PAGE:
“You know that is not what I mean,” Finrod broke in. “Do not be difficult about this, Edrahil. I would rather ask this of you than command it.”

Edrahil stiffened. “As you wish, lord. I shall put together a company and leave at once.” He turned on his heel and left before Finrod could reply.

Finrod sighed. He regretted Edrahil’s antipathy toward his sister but there was little he could do to ameliorate it. Galadriel had drawn Edrahil’s ire when she had discouraged him from leaving Thingol’s court to accompany him to Nargothrond. She had done it out of concern that the young Sinda would be giving up his position and family for an uncertain future with Finrod’s people, but Edrahil saw it as meddling and had not forgiven her for it.

Of course Galadriel did not know the real reason for Edrahil’s decision, nor had Finrod at the time. He had simply welcomed Edrahil and the nine other Sindar who had returned with him, as he welcomed anyone who sought shelter within his realm. The Sindarin contingent had proven their worth many times over, for although in Doriath they had been courtiers and lesser nobles of the Sindar they did not expect to be granted similar privilege in Nargothrond. They were doughty, worked hard, and applied themselves wholly and with proficiency to every task they undertook. As a result, Finrod counted them among his most trusted friends and advisors.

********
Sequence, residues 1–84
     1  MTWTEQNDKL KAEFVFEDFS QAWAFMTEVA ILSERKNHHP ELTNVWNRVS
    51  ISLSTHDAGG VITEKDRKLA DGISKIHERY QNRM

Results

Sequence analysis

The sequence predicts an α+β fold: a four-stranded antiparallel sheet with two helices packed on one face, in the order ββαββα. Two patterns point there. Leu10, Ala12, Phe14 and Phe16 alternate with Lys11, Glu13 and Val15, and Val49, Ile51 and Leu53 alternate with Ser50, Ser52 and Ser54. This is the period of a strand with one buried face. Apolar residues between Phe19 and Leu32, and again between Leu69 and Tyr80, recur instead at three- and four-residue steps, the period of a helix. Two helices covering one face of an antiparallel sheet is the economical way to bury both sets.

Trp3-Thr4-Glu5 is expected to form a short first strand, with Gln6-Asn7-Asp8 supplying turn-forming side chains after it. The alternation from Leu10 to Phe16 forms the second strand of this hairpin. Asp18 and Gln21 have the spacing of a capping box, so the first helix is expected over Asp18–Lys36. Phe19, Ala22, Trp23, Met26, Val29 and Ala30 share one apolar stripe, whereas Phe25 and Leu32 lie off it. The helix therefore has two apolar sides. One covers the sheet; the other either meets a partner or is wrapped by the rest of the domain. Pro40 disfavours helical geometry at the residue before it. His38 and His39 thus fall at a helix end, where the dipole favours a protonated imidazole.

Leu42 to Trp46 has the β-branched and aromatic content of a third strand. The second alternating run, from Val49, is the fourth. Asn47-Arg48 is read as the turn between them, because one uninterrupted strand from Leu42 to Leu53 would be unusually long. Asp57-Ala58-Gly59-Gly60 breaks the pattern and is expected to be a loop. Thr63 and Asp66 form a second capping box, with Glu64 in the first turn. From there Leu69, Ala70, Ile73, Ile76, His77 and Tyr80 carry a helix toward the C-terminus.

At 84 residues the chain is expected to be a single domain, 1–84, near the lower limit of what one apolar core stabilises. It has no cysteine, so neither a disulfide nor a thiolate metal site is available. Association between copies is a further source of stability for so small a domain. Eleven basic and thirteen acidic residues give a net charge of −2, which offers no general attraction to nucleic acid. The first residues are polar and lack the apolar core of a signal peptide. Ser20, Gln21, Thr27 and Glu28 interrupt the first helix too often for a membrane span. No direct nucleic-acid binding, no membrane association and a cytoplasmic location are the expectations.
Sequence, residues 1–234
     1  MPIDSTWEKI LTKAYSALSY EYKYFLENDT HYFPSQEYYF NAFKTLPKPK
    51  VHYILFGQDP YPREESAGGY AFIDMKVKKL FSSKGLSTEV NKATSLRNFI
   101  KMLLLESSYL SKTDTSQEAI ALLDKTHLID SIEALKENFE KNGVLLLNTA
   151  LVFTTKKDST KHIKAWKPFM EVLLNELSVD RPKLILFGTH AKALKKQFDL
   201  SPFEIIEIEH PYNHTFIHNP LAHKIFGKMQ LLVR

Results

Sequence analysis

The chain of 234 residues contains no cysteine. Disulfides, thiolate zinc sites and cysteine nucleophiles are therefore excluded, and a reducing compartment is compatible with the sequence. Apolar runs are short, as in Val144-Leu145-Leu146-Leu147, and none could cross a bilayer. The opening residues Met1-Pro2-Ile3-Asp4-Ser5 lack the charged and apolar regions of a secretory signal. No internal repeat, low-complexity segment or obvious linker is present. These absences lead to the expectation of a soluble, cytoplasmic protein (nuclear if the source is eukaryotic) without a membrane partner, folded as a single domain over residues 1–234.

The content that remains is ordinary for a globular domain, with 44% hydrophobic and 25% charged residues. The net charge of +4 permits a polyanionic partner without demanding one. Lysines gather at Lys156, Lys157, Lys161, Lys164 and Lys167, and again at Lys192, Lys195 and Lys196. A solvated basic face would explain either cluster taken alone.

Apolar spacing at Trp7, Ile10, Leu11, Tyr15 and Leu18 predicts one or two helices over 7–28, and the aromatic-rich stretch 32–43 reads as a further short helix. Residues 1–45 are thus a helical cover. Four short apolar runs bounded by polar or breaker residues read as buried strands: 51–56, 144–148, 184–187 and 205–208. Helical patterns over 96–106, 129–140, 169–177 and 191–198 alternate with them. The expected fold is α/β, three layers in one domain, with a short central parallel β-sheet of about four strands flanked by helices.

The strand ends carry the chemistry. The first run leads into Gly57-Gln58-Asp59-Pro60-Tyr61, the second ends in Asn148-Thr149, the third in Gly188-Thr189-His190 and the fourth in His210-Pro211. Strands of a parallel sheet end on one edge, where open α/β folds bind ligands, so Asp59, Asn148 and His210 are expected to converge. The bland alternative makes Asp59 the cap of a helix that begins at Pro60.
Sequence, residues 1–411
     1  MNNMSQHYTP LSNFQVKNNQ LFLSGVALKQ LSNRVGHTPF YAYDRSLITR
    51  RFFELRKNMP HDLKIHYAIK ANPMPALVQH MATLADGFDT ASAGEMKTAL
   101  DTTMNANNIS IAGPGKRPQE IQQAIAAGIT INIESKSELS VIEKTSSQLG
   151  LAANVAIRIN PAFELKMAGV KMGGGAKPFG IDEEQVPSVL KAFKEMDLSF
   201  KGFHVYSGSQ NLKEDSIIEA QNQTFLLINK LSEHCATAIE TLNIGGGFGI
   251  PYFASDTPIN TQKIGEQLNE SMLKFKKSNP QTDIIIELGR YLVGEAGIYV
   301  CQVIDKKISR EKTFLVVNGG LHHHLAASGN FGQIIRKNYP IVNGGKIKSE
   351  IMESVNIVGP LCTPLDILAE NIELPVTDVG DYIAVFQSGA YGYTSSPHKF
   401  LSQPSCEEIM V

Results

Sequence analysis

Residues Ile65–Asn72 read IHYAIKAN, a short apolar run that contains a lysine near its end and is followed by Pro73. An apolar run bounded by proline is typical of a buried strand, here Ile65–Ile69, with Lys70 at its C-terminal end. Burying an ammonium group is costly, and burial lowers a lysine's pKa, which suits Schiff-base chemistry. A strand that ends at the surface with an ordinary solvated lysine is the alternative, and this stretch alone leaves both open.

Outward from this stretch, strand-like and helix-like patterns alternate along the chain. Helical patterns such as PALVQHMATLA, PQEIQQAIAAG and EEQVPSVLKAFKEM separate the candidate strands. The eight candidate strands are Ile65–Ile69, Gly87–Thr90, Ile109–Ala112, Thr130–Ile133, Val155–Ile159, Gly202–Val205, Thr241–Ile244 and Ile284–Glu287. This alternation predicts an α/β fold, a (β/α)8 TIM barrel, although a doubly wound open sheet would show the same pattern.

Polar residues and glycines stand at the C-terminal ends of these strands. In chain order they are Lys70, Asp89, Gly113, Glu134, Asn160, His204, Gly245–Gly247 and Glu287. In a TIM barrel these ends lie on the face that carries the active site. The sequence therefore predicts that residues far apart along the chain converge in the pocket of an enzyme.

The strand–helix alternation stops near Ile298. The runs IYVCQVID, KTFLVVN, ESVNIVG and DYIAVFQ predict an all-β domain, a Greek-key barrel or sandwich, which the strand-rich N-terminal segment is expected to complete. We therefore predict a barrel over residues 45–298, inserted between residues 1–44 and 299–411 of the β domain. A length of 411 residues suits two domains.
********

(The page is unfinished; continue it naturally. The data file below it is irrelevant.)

Fortunately, Galadriel’s visit required enough preparation that Finrod and his brothers were busy until her arrival planning a feast and entertainments. They were excited to be together again. On the expected day of her arrival they clad themselves in their finest attire and rode out to meet her.

“Sister, how wonderful to see you again,” Finrod said, bringing his horse in step with hers. “Is Celeborn with you?” He looked around, scanning the entourage for the prince’s distinctive silver hair.